six dietary guidelines for cancer prevention
Dietary Guidelines for Cancer Prevention (PDF)

“There’s considerable benefit–and no harm—in loading up with plant-based foods,” notes study author Susan Levin, M.S., R.D., C.S.S.D., director of nutrition education for the Physicians Committee. “Large bodies of research show fruits, vegetables, and legumes offer a variety of protective properties, so why not move these foods to the center of our plates?”

The World Health Organization states that a significant percentage of cancers can be prevented by following a healthful diet, avoiding tobacco, leading an active lifestyle, and limiting alcohol intake.


It’s heartwarming to know that the MD Anderson Cancer Center in Houston, TX has demonstrated that adding Juice Plus+ and the Juice Plus+ Complete whole-food based shake mix helped ovarian cancer patients achieve a 10-a-day regimen of fruit and vegetable consumption, with significant health benefits resulting.

Every Choice has Consequences

Rewind the Future

A public service video posted to YouTube by Children’s Healthcare of Atlanta is making people think twice.

The video points out that obesity doesn’t happen overnight.

You’ll get a shocking sneak peek into the future to see what life might be like for a child who carries unhealthy habits. But…

WARNING: This video may be upsetting for some viewers. Viewer discretion is advised.

We take the health of our Children and grandchildren very seriously.

10 Things to Know About Vitamin D

vitamin DA recent study has found that insufficient levels of vitamin D in older adults doubles the risk of Alzheimer’s Disease. But it’s not just older folks, like me, who aren’t getting enough of the sunshine vitamin. Most kids don’t get enough either.

What is vitamin D? Why is it important? Why aren’t people getting enough? And what are its best food sources?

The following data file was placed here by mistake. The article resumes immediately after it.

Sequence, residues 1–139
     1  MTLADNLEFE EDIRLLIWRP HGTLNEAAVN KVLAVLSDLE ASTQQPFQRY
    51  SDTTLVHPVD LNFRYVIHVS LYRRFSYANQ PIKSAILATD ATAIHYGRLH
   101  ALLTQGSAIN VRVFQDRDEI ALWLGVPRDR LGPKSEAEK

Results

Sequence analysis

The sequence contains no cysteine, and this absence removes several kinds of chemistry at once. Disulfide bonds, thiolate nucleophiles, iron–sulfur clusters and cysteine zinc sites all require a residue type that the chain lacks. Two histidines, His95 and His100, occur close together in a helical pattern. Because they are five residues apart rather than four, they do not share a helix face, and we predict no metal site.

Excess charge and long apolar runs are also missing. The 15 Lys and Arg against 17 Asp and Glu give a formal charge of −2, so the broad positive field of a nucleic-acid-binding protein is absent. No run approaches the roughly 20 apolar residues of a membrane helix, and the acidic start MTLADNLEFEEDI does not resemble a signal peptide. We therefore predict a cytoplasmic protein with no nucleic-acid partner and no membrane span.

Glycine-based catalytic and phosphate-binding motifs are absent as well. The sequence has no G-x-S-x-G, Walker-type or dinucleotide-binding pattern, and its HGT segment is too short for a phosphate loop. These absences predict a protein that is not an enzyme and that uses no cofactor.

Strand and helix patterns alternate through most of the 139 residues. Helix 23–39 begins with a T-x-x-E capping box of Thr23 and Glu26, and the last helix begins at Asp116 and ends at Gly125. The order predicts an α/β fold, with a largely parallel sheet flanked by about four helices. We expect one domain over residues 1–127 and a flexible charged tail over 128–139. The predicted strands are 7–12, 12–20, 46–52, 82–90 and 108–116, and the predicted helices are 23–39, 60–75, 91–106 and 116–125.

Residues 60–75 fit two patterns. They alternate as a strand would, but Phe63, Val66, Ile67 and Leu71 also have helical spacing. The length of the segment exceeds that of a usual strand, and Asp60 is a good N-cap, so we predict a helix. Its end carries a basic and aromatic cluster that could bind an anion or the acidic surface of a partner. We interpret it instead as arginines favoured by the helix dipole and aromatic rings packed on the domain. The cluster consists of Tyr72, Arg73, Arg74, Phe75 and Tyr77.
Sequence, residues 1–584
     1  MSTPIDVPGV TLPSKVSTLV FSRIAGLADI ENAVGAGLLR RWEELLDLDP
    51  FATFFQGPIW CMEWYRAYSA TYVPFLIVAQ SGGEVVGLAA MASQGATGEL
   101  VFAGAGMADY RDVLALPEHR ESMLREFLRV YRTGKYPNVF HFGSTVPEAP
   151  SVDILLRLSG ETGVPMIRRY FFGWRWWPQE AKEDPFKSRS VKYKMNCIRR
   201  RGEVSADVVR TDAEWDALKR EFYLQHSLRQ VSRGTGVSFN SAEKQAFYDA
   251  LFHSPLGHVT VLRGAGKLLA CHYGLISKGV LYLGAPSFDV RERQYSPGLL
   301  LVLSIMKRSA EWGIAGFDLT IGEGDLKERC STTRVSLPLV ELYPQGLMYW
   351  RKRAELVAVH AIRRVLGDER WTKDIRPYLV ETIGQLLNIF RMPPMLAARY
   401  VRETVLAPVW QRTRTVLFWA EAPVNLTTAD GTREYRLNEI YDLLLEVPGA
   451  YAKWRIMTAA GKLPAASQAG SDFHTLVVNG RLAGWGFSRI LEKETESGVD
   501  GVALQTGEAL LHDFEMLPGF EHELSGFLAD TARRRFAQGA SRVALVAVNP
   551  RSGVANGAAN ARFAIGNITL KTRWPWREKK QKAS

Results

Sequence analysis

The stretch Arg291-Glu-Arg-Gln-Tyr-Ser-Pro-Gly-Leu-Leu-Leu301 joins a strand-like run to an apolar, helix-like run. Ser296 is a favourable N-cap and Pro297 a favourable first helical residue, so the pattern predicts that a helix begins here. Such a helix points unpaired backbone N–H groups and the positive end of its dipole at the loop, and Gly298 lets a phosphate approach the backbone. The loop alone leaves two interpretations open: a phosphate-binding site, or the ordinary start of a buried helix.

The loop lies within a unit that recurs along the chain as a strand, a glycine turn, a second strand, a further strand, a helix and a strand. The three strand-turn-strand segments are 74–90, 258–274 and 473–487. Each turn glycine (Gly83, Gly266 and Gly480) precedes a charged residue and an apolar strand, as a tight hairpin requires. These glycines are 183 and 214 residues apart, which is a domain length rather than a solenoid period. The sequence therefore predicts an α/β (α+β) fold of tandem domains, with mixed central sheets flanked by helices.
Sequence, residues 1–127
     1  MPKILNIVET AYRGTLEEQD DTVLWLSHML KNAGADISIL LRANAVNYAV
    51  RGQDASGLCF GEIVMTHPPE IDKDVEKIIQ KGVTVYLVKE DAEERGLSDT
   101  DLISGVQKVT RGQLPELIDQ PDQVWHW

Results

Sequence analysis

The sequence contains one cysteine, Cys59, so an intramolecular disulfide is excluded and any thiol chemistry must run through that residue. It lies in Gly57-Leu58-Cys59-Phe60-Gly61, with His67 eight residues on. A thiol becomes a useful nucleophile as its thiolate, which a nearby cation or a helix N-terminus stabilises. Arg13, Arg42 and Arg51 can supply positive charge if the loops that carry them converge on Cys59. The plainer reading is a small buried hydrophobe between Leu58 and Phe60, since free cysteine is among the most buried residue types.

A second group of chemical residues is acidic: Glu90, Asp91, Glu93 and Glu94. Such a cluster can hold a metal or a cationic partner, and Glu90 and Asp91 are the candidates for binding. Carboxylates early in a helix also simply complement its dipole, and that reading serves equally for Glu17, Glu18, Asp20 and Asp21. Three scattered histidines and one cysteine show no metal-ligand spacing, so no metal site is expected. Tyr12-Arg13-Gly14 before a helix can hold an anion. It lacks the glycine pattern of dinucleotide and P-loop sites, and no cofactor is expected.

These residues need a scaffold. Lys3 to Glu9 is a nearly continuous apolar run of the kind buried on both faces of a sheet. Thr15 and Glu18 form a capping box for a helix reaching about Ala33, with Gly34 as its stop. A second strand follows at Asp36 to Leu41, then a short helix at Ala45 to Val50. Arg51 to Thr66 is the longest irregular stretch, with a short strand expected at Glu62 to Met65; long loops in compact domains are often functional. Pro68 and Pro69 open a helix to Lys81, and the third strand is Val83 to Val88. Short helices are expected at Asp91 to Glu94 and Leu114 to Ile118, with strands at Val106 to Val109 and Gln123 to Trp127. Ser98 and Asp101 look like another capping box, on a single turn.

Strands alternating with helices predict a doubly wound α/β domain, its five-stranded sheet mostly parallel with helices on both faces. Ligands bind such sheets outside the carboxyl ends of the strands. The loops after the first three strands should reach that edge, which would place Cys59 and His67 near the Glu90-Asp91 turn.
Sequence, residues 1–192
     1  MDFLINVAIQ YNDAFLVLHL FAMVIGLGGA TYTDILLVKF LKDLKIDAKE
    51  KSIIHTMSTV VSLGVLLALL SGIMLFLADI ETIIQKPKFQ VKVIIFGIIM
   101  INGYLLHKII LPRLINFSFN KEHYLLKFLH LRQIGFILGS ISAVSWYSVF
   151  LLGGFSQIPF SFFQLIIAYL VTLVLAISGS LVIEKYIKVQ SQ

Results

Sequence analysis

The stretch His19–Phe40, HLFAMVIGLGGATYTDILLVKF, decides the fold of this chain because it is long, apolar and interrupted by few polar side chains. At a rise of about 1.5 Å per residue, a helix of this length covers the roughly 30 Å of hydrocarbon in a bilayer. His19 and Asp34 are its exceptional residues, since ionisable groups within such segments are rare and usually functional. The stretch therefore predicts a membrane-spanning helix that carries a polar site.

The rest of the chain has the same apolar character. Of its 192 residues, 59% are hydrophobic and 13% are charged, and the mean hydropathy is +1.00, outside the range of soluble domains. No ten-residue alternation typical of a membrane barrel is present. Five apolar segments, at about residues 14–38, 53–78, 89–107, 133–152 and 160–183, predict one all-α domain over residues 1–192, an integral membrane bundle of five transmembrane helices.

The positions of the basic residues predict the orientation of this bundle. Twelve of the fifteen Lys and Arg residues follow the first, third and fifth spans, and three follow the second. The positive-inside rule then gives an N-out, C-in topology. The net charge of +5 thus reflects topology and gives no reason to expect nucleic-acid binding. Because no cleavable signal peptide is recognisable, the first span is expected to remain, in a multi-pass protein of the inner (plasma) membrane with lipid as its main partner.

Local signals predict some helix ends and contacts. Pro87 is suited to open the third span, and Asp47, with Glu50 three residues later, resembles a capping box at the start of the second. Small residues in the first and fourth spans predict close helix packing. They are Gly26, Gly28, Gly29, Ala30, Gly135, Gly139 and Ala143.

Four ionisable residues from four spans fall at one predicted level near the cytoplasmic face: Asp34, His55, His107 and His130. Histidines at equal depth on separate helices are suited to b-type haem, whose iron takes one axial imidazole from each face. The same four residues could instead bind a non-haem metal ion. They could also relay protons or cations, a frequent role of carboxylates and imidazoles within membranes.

But first …

Vit­a­min D is not a vitamin

We’ve been taught that Vit­a­min D is the “bone vit­a­min”, but it is really more of a sun hor­mone. The word “vit­a­min” means “some­thing my body needs that I can’t make, so I must get it from the food”. D hor­mone is instead, a chem­i­cal that we make on our skin from sun expo­sure. It is a hor­mone like thy­roid, estro­gen or testos­terone. Using the proper word “hor­mone” reminds us that it affects mul­ti­ple parts of the body and that it is not “extra”. It is essen­tial to every cell in the body and it is not in the food. It is sup­ple­mented in milk but as a cup of milk has only 100 IU of vit­a­min D you would have to drink100 cups of milk a day to keep from being D deficient.

What else you need to know

1. Vitamin D is a fat soluble vitamin that is found in food but can also be manufactured by our body after exposure to sunshine’s UV rays. fat soluble means it needs a to be consumed together with a small amount of oil/butter/lard etc… to be effectively absorbed by your body.

2. Vitamin D’s job is to help the body absorb and regulate calcium and phosphorous levels in the body.

3. Without vitamin D, our bones don’t get enough calcium and bones become thin and brittle, or don’t develop properly if you’re still a growing child.

4. In the past most people got enough vitamin D just by being outdoors, but the industrial revolution and lifestyle changes it brought about have led to drastic reduction in this source for most people. Today, many people apply sunscreen for outings, thus reducing the vitamin D manufacturing capability of the body.